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17 Nov 2010

Review: Runaljod ~ Gap Var Ginnunga (Wardruna)

Runaljod – Gap Var Ginnunga
Indie Recordings, 2009

Runa means mystery, and to me the word mystery conjures a dark, cloud-stained horizon, a pregnant foreboding, a sense of awe in the face of the wilds of nature. This album is an exploration of the spirit of the runes (eight of them to be exact), and insofar as it evokes exactly these same images…I have to pronounce it a brilliant success.

Despite the black metal background of several of Wardruna’s members, this music bears little resemblance to metal, excepting insofar as it shares black metal’s ability to evoke the misty horizon of mystery. The music is woven from repetitive beats, layers of droning tones (flutes, keyboards, and who knows what else), and some very powerful singing. It brings to bear traditional European musical forms, elements of what I would call “world fusion,” and also more modern music production techniques.

Thus we have the mournful ecstasy of Hardanger fiddle; a range of percussive forms that take down-tempo or world-fusion in a very organic, primal direction; and vocals that range from powerful recitations (almost like runic rapping) through to some compelling throat singing (which again sends the aesthetic and appeal of this very Northern album’s reach well beyond the borders of Europe).

The music is intensely ritualistic, with cycling rhythms and circling patterns of drone and melody subtly building to intense effect. It easily draws the listener into trance, head nodding gently, feet stamping, wordless chants on lips. As waves of naturalistic samples, chimes, mouth harp, horns, and throat-sung runes caress the listener’s ears a sense of mythic time becomes all-enveloping.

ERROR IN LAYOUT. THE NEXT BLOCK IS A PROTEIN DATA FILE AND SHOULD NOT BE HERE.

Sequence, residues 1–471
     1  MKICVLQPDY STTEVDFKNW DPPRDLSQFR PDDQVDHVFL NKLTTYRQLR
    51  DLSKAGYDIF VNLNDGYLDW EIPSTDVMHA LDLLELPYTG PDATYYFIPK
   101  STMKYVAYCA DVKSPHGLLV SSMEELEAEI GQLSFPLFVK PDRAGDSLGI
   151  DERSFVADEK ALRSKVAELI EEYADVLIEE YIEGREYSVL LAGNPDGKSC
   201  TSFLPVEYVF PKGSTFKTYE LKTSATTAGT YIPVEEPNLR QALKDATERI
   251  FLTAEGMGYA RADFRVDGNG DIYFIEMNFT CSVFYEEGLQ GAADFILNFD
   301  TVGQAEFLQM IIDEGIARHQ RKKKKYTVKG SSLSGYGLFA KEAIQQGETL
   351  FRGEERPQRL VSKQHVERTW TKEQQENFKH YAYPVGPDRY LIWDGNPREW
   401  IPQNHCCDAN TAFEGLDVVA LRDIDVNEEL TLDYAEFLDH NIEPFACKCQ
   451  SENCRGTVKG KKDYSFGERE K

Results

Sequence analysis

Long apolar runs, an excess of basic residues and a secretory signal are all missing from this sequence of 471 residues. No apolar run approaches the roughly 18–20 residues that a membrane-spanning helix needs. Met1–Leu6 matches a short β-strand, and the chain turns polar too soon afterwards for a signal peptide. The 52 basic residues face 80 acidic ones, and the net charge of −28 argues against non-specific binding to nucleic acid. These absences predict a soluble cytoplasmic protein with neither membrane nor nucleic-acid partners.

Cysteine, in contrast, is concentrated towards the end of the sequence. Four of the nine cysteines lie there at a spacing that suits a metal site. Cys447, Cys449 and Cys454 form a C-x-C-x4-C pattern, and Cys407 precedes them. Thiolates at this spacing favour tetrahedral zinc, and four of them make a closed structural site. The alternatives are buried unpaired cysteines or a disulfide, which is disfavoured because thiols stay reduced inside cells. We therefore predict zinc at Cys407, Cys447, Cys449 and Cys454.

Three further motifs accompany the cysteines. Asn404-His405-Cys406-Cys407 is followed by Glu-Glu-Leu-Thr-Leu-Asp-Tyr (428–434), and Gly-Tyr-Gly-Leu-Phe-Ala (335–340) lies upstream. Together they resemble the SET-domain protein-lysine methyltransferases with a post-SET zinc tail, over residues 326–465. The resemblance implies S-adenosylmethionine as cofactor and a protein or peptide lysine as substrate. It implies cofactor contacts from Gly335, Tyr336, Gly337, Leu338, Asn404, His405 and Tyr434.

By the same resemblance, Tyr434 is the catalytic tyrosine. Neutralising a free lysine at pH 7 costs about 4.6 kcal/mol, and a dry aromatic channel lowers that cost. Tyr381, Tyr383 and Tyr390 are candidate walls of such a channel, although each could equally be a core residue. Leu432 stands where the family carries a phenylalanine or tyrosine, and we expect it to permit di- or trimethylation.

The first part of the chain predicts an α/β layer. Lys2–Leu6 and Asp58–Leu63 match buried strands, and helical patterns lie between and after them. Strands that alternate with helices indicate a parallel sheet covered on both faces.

Therein lies the genius of this album: in fusing traditional and non-traditional elements Wardruna have afforded themselves the perfect musical toolkit for invoking a mythic sense of history. This distillation of mystery conjures an epoch that almost never was…yet one that always seems to hover nearby, ineluctable but palpable, if we can but still our minds for a moment.

Otherworldly yet earthy, dream-like yet compelling – this album gathers paradoxes with a deft touch, drawing us away into the depths of ancient memory. The passion, reverence, and sincerity of its treatment of something as sacred as the runes is to be greatly admired, and this album is pretty much a must-own for anyone interested in the pre-Christian roots of Europe (and for everyone, really).

The best part is that Wardruna have promised this to be the first in a trilogy of albums, so we can be virtually assured that we can look forward to much more of this brilliant band’s creative output.

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